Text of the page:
The method of Equation 2 for the preparation of N,N-arylene bis(amidines) is one in which a diisocyanate is reacted with two mols of a N,N-dialkyl amide in the presence of anhydrous HCl as a catalyst. French Pat. No. 1,444,228 teaches a similar process utilizing instead of aromatic diisocyanates as used herein aliphatic diisocyanates. Commercially available useful aromatic diisocyanates include materials such as methylene-4,4'-diphenyl diisocyanate; 3,3'-dimethyl biphenyl-4,4'-diisocyanate; and toluene 2,4-diisocyanate as well as others to prepare the N,N-arylene bis(amidines) according to Equation 2. Other such diisocyanate materials are well known to those skilled in the art.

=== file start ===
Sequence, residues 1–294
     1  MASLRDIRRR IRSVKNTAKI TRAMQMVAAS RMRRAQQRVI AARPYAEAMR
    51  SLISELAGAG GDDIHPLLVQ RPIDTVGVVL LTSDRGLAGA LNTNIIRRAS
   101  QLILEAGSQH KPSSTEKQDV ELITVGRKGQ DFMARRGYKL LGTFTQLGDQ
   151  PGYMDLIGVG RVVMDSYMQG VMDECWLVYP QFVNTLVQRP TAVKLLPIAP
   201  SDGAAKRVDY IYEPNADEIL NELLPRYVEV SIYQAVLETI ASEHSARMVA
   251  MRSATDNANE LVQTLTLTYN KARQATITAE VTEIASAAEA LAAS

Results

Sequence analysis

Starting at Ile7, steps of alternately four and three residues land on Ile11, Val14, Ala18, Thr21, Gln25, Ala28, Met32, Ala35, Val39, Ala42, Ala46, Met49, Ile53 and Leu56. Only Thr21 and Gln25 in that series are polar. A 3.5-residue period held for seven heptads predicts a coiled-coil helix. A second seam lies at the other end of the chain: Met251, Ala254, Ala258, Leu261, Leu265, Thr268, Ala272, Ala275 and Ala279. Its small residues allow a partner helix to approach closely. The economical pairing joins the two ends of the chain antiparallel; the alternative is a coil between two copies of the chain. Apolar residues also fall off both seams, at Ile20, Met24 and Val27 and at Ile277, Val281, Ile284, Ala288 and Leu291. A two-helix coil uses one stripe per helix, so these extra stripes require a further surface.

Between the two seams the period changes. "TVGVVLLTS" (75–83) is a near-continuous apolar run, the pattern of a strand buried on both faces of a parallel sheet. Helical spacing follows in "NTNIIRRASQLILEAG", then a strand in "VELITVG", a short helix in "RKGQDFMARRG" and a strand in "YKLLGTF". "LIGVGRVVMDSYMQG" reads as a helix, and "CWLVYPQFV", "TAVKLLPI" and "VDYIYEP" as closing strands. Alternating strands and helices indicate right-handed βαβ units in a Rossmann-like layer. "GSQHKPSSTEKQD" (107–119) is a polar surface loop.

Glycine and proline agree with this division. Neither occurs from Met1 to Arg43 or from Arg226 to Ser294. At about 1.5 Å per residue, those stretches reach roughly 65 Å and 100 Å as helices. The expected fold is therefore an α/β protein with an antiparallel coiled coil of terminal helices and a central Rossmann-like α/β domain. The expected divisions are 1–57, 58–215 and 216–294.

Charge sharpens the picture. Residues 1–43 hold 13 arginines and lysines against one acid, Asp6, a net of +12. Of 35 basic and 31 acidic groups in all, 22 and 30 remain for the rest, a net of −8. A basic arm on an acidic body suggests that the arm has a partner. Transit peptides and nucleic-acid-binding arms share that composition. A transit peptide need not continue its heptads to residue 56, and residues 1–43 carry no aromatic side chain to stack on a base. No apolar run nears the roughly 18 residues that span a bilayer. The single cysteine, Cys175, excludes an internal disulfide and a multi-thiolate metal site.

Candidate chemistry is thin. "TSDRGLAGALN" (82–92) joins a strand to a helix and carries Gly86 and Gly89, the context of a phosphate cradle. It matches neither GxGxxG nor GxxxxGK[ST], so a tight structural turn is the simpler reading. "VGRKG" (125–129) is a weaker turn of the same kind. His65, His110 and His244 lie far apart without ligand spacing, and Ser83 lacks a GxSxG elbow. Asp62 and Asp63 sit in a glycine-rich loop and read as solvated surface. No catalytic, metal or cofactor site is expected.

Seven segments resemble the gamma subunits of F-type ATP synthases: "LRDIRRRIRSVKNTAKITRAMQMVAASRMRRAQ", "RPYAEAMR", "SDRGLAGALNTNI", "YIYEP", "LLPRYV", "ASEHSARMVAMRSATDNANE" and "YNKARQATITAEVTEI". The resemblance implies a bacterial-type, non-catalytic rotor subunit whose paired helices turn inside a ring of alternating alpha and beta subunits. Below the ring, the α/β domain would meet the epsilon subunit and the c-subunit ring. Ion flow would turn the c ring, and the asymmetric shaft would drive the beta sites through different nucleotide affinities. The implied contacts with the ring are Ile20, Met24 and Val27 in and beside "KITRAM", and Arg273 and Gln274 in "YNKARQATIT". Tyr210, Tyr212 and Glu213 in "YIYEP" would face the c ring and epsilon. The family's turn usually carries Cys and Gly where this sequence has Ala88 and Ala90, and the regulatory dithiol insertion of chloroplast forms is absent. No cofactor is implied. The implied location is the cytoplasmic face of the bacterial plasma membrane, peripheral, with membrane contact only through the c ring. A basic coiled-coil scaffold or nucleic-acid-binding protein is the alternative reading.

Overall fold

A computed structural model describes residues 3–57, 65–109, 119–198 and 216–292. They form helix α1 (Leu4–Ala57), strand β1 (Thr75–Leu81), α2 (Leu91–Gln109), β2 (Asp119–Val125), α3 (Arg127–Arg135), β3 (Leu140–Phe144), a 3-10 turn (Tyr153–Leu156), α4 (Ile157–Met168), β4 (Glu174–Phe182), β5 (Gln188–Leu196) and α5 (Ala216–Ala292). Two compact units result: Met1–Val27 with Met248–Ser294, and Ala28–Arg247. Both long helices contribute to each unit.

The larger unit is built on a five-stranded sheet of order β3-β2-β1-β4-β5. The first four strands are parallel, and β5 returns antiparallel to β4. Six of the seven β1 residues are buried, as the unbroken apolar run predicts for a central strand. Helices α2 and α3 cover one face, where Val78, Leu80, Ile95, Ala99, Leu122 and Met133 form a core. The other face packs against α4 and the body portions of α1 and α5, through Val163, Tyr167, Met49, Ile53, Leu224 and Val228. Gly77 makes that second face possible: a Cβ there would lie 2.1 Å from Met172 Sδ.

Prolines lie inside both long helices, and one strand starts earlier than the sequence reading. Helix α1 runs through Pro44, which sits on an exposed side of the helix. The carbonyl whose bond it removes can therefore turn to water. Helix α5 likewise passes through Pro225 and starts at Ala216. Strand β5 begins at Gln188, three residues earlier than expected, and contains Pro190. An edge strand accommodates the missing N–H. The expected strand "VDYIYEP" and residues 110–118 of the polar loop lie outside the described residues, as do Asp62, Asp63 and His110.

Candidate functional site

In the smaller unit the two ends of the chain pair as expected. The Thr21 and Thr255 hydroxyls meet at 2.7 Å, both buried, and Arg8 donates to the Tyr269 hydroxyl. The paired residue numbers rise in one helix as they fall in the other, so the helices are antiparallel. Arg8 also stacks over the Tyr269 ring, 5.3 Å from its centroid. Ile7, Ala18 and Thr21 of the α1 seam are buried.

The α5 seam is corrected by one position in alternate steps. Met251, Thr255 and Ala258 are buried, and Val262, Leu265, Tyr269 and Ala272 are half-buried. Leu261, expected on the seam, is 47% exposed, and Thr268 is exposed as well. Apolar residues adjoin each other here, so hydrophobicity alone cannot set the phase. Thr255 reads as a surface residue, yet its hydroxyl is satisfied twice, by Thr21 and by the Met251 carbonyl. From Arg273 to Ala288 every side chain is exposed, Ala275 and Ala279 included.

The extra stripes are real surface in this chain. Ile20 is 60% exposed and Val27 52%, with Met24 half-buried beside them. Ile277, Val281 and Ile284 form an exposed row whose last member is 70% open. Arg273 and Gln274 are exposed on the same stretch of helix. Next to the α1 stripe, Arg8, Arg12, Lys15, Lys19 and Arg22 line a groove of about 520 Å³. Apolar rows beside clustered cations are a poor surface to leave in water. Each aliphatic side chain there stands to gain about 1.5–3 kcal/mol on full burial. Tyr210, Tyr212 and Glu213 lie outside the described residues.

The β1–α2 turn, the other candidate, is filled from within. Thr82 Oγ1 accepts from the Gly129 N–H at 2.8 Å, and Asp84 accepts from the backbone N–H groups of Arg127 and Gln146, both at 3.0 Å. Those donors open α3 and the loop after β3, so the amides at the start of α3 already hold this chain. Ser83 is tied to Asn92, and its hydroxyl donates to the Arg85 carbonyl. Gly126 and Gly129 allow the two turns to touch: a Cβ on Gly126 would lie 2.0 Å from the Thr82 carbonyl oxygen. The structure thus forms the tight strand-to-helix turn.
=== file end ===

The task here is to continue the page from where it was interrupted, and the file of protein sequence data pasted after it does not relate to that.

The synthesis of Equation 3 for the preparation of N,N-arylene bis(amidines) are commercially less attractive at the present time than the other two routes of Equations 1 and 2 because at least two steps of isolation and purification are required to prepare the diisocyanide. According to this procedure, an aromatic diisocyanide is reacted with an aliphatic amine in an addition reaction with no by-products formed. The chemistry of this reaction is described in "Isonitrile Chemistry", I. Ugi. Academic Press, Inc., New York, New York, 1971, Pages 67 and 68. This route is highly versatile in that N,N-arylene bis(amidines) of various substitution may be prepared; thus, mono-substituted bis-amidines and di-substituted bis-amidines (the substitution in each case being at the nitrogen atoms) are prepared by reacting aryl diisocyanide with two mols of ammonia and monoalkyl amine, respectively. Only tri-substituted bis-amidines can be prepared from a practical point of view by the routes indicated in Equations 1 and 2. These materials are also obtainable when the aryl diisocyanide is reacted with two mols of a dialkyl amine. The only limitation on this route is with regard to the substitution in the N,N-aryl bis(amidine) at the amidine carbon atom. This substitutent must be hydrogen, thereby always yielding a formamidine. The synthesis in Equations 1 and 2 are not limited with regard to the substitution at the amidine carbon. Formula XIV is a mono-substituted bisformamidine and Formula XV is a di-substituted bis-formamidine. Salt preparation involving Formulas XIV and XV with an organic dicarboxylic acid and heating of the resultant product yields the corresponding polymer and appropriate by-product. The polymer is dependent upon the diacid utilized and the by-products are formamide and an N-alkyl formamide, respectively, from the Formula XIV salt and the Formula XV salt.